off-licences, in cans as well as bottles
(indeed larger containers!)
- Above all, the determination of consumers to
resist the dictats of the Big Breweries.
6. : The Revival
In other remarks about new ventures, we have noted
the disproportionate significance of the founding of a
few, new local breweries from the year 1981; and the
older firms outside Norfolk still surviving at that time.
However, it must surely be acknowledged that their
subsequent successes, and the amazing speed of the
retail changes, had been principally founded on the
bruising defeat of the Nationals by -
The way became open; but only when tied pub, after
tied pub, became unviable and had to close; allowing
the Authorities to issue licences to other firms and individuals.
Happily, most of the new licences were awarded to
landlords of FREE houses : the best guarantee of a
swiftly-expanding market for the newest brewers.
Unsurprisingly, the Suffolk invasion - overdue and
welcome as it was - was more inclined to take
the tied-house route.
It was, nevertheless, a fine sight to see the insignia of a
Watney's or a Courage's house torn down and replaced
by those of Southwold Jack or the Greene King.
7. : Chained, not Tied
In all forms of business the phrase
"pace of change" is commonly heard.
To prove the point, in the retail pub sector, and hard
on the heels of the re-birth of the free-house, came the
It is not an altogether new idea, or we would never have
Asda, Tesco etc. selling biscuits or soap to the millions.
In such a chain, the pubs are every bit as fully-owned
and tied to the principal firm (quite likely a national one)
as in the old Tied Estates; but the beers come from a
third party - hopefully, several parties - i.e. just like a free house !.
Except that each of these "free" houses may be almost
identical to the others in the chain - in terms of products,
prices and (perhaps) appearance, both inside and out.
8. : "PubCos"
Companies - as opposed to breweries - controlling pubs
on a widespread basis, can take several other forms;
and are rather beyond the scope of this article.
Adrian Hennessy's website has a
useful list, with
a local slant; albeit not updated since May 2007.
Also see (e.g.) notes on Punch Taverns.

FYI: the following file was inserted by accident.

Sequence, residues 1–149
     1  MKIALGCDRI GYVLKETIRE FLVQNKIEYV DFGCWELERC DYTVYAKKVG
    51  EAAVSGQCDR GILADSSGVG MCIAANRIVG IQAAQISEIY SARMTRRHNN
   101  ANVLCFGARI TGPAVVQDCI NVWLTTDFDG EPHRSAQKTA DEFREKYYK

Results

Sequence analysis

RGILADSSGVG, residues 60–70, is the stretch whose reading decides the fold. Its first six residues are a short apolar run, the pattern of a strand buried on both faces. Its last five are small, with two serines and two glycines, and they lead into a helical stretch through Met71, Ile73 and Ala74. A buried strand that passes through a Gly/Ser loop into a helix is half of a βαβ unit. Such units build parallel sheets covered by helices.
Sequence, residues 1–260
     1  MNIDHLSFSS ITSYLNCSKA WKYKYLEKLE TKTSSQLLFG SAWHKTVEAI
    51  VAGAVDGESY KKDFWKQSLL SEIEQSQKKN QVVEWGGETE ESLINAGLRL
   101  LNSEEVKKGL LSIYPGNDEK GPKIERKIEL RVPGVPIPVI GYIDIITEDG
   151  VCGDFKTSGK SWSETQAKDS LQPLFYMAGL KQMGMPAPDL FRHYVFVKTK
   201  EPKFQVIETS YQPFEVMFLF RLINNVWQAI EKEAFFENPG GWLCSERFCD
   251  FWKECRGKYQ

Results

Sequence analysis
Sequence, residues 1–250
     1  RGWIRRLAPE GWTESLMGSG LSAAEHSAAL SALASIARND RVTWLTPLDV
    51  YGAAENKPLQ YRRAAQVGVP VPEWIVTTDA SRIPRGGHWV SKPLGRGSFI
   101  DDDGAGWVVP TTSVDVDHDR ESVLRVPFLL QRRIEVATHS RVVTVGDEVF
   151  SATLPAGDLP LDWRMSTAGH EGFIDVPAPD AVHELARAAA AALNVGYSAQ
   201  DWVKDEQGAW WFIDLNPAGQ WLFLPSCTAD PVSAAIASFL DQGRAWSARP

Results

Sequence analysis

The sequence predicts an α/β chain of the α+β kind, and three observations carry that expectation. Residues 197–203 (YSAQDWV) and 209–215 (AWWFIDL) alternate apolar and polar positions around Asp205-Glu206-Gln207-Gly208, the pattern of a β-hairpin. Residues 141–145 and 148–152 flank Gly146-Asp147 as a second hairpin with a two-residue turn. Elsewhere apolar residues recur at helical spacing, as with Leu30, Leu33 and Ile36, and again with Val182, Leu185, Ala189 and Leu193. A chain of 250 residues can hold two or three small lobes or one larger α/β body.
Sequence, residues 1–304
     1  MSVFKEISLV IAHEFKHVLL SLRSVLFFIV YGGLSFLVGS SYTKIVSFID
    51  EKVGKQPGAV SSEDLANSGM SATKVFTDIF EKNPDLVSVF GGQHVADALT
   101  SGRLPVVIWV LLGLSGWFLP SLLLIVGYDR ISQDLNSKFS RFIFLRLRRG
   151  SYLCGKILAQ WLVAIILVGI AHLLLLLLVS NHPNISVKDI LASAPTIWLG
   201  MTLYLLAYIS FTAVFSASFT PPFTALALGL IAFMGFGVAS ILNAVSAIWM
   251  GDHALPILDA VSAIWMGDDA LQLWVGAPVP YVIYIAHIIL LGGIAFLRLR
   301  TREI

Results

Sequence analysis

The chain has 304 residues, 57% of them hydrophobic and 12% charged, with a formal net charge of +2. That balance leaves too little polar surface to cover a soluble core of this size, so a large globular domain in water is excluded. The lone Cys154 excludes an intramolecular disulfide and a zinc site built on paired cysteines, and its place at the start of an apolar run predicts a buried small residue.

In the early days, however, companies such as
Inntrepreneur were specially formed to act as
vultures or undertakers for the ailing brewery 'nationals'.
Where a 'national' was so wounded as to want to
leave the area completely, the new company acquired
the pubs en bloc and thus at a favourable price.
Acting mainly as property companies, they then seemed
to leave the choice of beers very much to their tenants.
From the viewpoint of the customer, this result, also,
may be as good as any free-house. Such a case, if still
extant, is usually marked as a de facto Free House.
On the other hand, many pubs would have been
converted/demolished, in favour of other uses.
Conversely, Tap and Spile, now strangely
in this City, are/were a chain majoring in controlling
the choice, flow and (low) pricing of the beers, with
beneficial links to many independent brewers throughout the U.K.
Finally, there is the Wetherspoon's chain.
I am sure that they would have us believe that
"The Future is Wetherspoon's".
9. : The Future
Until quite recently, their expansion rate
certainly seemed to be exponential . . . .
But see the abandonment of the City Gate.
In case anybody has yet to visit any of
I should point-out that
they operate a combination of :-
The latter means that they tend to snub the major
- "Tap & Spile"-type beer procurement and pricing;
- A property-acquisition policy
opposite to those mentioned above.
brewers, and decline to take any of the truly
redundant pubs off their hands. Instead they convert
almost any other kind of building imaginable
(e.g. chapel, cinema) into a public-house.
The future also seems likely to be full of trendy
night-club-style Cocktail Bars; often loosely based
on "Theme Pubs".
Hopefully it will be many years before we have to
endure another cycle of brewery mergers and pub closures.
Long live the Free House !